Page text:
War brought profound changes to the Chandler family, Fairfield, and the slaves who toiled on the plantation. Three of Thomas Chandler's sons enlisted in the Confederate army. When the Union army occupied Fredericksburg in 1862 many of Chandler's slaves seized freedom, leaving the family without its customary workforce.
In December 1862 the Confederates established a major supply depot at Guinea Station, just a few hundred yards from Fairfield's back door. Camps sprawled across the plantation. Stonewall Jackson himself camped here for a week, declining the Chandler's offer to stay in the house. Instead he pitched a tent nearby.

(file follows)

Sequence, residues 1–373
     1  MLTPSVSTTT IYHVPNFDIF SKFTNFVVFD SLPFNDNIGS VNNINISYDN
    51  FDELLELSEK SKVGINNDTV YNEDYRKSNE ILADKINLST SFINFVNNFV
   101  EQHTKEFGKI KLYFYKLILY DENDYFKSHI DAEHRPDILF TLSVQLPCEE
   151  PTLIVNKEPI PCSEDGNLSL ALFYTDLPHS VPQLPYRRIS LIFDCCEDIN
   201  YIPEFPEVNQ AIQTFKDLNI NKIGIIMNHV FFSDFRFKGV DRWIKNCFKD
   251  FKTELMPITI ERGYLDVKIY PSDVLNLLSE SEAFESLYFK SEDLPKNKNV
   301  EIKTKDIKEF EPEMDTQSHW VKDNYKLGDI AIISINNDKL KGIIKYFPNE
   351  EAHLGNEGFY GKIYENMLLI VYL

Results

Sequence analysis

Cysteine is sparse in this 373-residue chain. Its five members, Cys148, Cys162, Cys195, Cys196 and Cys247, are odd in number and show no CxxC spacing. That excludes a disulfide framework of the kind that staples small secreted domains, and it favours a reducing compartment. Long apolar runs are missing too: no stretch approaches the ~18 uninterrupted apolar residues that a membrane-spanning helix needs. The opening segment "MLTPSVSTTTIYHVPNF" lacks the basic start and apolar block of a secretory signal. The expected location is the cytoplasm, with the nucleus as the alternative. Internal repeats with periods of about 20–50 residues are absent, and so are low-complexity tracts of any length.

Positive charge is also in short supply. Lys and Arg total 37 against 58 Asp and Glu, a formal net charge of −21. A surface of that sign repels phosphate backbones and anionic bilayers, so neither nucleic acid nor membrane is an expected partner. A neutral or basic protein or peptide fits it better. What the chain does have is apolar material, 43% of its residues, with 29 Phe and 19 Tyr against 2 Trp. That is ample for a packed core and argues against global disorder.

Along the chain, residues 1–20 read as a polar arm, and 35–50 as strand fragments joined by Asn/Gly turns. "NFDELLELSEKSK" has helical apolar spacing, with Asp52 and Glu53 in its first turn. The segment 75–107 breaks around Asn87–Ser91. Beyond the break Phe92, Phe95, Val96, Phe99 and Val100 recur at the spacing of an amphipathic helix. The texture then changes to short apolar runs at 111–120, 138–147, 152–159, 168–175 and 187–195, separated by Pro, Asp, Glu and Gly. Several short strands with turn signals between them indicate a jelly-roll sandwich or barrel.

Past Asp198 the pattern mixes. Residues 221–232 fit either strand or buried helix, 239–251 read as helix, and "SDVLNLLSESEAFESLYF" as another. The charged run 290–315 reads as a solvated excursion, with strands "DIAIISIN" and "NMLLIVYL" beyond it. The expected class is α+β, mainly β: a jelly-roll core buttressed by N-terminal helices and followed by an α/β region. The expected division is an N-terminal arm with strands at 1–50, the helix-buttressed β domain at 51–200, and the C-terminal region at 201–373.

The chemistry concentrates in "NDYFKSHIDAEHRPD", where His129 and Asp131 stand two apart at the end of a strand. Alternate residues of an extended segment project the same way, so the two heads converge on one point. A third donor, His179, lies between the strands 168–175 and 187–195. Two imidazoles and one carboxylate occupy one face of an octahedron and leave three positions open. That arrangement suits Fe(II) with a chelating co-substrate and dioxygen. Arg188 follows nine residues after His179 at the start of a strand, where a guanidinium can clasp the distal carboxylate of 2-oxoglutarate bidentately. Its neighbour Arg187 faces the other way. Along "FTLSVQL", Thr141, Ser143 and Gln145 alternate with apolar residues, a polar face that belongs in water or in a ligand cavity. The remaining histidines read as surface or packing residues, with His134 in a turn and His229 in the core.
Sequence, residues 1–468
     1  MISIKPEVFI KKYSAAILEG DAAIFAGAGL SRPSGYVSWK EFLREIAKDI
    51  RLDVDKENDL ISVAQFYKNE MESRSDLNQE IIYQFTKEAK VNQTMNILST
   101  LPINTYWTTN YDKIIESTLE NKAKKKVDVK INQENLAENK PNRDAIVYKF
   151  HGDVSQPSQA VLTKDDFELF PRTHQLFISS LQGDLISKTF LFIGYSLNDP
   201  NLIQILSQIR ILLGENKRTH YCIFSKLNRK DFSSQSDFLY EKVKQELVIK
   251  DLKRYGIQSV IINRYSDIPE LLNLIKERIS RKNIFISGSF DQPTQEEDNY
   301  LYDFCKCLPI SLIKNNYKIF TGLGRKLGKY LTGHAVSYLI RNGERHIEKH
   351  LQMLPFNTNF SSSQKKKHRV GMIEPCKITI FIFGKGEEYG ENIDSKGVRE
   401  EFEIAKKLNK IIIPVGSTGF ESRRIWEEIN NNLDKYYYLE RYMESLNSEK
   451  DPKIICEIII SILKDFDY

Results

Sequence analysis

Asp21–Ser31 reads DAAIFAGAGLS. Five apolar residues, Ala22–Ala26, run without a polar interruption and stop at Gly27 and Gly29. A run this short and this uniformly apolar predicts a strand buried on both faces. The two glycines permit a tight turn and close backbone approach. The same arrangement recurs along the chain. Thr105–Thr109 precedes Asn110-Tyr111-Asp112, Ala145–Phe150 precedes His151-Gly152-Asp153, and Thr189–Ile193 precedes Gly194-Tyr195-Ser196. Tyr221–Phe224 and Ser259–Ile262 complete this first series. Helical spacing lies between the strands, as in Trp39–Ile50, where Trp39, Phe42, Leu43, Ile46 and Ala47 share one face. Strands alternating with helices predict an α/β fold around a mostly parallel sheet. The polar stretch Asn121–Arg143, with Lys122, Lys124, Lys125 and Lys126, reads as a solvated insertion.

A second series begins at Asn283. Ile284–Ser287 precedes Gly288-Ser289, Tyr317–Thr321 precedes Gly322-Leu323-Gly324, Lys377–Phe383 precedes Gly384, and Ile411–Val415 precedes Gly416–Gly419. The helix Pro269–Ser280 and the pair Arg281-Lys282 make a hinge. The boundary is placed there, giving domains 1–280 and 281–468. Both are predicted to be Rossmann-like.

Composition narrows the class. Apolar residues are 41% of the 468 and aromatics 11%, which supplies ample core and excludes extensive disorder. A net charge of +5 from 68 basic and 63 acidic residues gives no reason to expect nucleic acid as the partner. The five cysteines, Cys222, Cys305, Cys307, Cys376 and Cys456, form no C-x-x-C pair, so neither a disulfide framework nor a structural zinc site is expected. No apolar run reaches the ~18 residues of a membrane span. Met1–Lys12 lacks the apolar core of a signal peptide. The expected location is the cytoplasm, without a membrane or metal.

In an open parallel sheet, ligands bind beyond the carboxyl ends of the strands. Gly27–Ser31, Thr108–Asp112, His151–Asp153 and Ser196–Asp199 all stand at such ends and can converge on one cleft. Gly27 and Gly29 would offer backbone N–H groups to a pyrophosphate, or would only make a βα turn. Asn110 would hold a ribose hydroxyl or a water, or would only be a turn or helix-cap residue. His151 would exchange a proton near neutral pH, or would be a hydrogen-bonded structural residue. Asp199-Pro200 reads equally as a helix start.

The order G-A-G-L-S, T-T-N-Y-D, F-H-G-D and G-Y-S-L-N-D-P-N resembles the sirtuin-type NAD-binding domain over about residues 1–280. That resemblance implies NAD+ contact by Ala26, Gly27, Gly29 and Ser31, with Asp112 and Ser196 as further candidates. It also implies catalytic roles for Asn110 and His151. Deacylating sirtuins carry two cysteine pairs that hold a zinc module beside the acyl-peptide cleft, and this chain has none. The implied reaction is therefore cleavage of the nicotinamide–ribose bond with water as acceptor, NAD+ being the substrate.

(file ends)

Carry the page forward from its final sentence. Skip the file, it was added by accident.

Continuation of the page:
By 1863 Chandler had had enough: he sold Fairfield. But before the Chandlers could move away, Fairfield's most famous visitor would return yet again - this time not to camp but to die. Jackson's death here propelled the plantation to a fame it had never known.
(caption of picture): Jackson arrived at Fairfield for the last time on May 4, 1863. By then the plantation was a vast camp, crowded with thousands of Union prisoners and Confederate wounded.